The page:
Here are some of the ingredients I harvested in September for my ultra-local nettle-basil pesto.
The nettles came from the grove in my backyard. The basil came from the garden in the front.
The types of basil I used here are Opal Basil (Ocimum basilicum purpurascens) and Thai Basil (Ocimum Basilicum var. thyrsiflora). Opal Basil, the dark purple one, is an American cultivar of a traditional Italian basil. It was developed in the 1950s at the University of Connecticut.
Thai Basil (below), the brighter green one, is a group of Asian basil cultivars. They are stronger and more aromatic than Italian basils.
The stinging nettles (Urtica dioica) that I used are below. Even though it’s easiest to find young nettle leaves (ičáȟpe hú) early in the season, I was still able to find some young sideshoots on September’s nettle plants. Younger leaves are ideal for cooking because they are less fibrous.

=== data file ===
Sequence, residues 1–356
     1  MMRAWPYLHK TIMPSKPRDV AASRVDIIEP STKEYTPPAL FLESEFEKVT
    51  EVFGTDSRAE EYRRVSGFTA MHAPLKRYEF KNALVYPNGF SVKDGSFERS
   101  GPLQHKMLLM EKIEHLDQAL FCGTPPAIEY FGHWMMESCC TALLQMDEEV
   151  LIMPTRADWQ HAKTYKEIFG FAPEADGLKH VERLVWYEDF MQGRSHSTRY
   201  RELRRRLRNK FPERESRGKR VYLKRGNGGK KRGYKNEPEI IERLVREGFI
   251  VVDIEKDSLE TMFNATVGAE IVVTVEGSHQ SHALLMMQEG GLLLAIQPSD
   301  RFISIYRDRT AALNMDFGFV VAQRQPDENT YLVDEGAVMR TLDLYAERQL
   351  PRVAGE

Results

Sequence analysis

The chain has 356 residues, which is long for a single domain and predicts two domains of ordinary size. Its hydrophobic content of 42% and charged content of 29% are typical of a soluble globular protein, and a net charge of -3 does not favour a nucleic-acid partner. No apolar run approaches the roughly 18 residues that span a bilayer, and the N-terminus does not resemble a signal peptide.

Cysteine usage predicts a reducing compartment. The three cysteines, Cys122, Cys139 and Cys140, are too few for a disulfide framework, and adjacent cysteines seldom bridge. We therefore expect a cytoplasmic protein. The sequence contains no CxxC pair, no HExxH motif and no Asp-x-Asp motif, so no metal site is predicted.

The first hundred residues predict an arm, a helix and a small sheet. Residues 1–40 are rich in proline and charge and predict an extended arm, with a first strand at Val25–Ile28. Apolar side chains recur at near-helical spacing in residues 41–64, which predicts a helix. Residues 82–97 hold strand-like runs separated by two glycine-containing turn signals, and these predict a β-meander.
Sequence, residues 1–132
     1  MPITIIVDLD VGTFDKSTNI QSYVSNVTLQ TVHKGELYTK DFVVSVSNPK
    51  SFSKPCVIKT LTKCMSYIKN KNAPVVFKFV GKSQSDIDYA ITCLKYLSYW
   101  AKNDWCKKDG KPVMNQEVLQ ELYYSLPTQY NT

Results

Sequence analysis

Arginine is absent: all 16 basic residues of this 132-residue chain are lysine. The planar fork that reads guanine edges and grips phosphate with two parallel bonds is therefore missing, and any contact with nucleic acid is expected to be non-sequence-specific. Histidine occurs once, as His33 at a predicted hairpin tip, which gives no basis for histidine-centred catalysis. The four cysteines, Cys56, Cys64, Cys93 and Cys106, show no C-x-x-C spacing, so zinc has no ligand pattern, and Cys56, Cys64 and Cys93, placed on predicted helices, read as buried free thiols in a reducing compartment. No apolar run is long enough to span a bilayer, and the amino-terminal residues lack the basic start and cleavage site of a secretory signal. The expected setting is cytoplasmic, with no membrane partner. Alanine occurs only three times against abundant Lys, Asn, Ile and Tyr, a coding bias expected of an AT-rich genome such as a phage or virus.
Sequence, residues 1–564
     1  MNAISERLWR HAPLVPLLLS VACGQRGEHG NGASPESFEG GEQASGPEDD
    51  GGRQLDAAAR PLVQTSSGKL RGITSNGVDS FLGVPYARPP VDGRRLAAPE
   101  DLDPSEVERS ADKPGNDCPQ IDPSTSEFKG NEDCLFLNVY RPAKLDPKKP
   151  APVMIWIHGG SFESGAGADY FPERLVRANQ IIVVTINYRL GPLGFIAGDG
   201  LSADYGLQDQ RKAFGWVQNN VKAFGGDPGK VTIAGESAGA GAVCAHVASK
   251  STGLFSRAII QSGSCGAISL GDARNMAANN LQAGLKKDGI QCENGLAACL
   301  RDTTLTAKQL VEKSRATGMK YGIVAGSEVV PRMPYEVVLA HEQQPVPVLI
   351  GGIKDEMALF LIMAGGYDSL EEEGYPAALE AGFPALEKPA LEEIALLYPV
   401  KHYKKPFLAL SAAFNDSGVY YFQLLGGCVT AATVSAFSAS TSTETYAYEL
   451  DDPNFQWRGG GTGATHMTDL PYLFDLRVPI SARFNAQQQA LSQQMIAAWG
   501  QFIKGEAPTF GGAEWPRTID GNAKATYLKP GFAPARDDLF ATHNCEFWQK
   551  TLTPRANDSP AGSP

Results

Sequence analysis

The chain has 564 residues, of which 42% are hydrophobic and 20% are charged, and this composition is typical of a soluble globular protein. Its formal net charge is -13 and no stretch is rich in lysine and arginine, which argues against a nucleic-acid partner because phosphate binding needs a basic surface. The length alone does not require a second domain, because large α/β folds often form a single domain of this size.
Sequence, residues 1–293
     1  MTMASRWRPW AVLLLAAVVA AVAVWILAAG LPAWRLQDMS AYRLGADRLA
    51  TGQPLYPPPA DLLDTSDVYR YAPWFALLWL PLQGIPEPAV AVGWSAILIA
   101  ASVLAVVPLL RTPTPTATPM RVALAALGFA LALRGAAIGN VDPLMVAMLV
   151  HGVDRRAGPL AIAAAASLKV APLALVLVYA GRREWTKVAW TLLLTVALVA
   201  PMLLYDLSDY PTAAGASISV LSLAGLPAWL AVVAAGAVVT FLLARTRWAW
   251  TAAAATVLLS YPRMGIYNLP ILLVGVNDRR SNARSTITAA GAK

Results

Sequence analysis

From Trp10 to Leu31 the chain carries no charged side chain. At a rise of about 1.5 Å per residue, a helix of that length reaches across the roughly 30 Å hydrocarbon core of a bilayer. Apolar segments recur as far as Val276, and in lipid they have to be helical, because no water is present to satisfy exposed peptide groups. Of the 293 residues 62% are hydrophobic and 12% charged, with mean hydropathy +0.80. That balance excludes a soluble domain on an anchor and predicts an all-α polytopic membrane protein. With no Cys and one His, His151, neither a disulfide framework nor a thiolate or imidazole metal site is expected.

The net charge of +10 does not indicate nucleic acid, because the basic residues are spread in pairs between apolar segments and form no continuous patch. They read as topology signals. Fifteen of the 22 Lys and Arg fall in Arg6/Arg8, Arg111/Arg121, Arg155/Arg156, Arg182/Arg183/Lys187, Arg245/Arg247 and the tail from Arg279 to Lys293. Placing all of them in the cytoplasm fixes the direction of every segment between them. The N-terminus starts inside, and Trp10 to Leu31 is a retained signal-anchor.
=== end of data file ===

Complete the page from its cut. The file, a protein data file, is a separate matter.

If you’re wondering about the logistics of eating a stinging plant: the urticating (stinging) hairs on the nettle plant are destroyed by heating them or running through a blender. So you can safely enjoy nettle pesto without worrying about being stung.
I blended all of these leaves together with the standard pesto ingredients, to produce a pesto that is stronger and possibly more nutritious than standard varieties. Kept in a freezer, this pesto can last a long time.
(My friend Luke Black Elk makes a phenomenal nettle pesto that also uses local acorns, but his culinary and inventive abilities far surpass mine.)